It was an impressive display by the Brit, who has endured a pressure build up to the championships and declared as the favourite for the 100m title by the other competitors.

“It was comfortable but a bit nerve racking. I don't think about the track, I just concentrate on the gun,” he said.

“I do feel the pressure before a race but when I get onto the track that just clears out of my head and I get on.”

 

In the fifth heat, Mark Lewis Francis (Linford Christie) put pressure on the impressive young Christian Lemaitre, pushing the French youngster - who is regarded as joint favourite with Chambers  - all the way to the line. Lewis-Francis, who has enjoyed a welcome return to form this season and was a late addition to the 100m line up, more than justified his place with a strong second place and a 10.23 time that was just two-one hundredths short of his season’s best; Lemaitre leading the first round qualifying overall with his 10.19 for first.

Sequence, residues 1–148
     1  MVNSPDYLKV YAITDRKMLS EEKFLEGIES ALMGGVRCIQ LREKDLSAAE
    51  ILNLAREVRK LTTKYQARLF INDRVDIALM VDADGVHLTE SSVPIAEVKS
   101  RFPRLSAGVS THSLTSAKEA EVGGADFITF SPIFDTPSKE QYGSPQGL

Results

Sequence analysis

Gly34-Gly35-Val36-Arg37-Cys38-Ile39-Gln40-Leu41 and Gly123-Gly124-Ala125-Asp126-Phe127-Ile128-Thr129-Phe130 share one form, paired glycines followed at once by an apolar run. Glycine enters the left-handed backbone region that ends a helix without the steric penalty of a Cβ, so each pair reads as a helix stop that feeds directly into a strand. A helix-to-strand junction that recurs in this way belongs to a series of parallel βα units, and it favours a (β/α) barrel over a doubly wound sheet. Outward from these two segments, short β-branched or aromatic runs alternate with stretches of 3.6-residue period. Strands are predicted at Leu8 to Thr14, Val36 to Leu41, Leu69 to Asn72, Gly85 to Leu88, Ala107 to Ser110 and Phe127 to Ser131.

“First round first run, I'm already excited for the next one,” said a delighted Lewis-Francis.

“Thank god that I'm here. I'm so glad to be back in the mix again. Lemaitre pushed me all the way, no doubt it was good to have him here.”

 

James Dasaolu (Michael Khmel), running in the fourth of the five heats, also made sure of automatic progression with a third place and 10.40 time, but knew he would have to improve to make it past the next round:

“I don't think I got the best of starts, the main thing though is that I'm through to the semis,” he reasoned straight after.

“There has to be more to come because that run wasn't really cutting it. It wasn't good enough to make the final.”

 

Tom Parsons (Fuzz Ahmed) and Martyn Bernard (Dan Pfaff) had an evening of mixed fortunes in the high jump but the end result was positive with both progressing to Thursday night’s final.

Parsons, enjoyed a fault free progression through to 2.23m with first time clearances at 2.15m, 2.19m and 2.23m, but endured three failures at 2.26m and was forced to play the waiting game as the competition continued.

Meanwhile, Bernard had a failure at 2.19m, plus two at 2.23m, before clearing 2.26m at his second attempt to demonstrate the range of exchanging fortunes that can be a championship high jump competition. As it was, the pair qualified in seventh and tenth position out of the 12 finalists, but both reflected with disappointment on their evening’s work.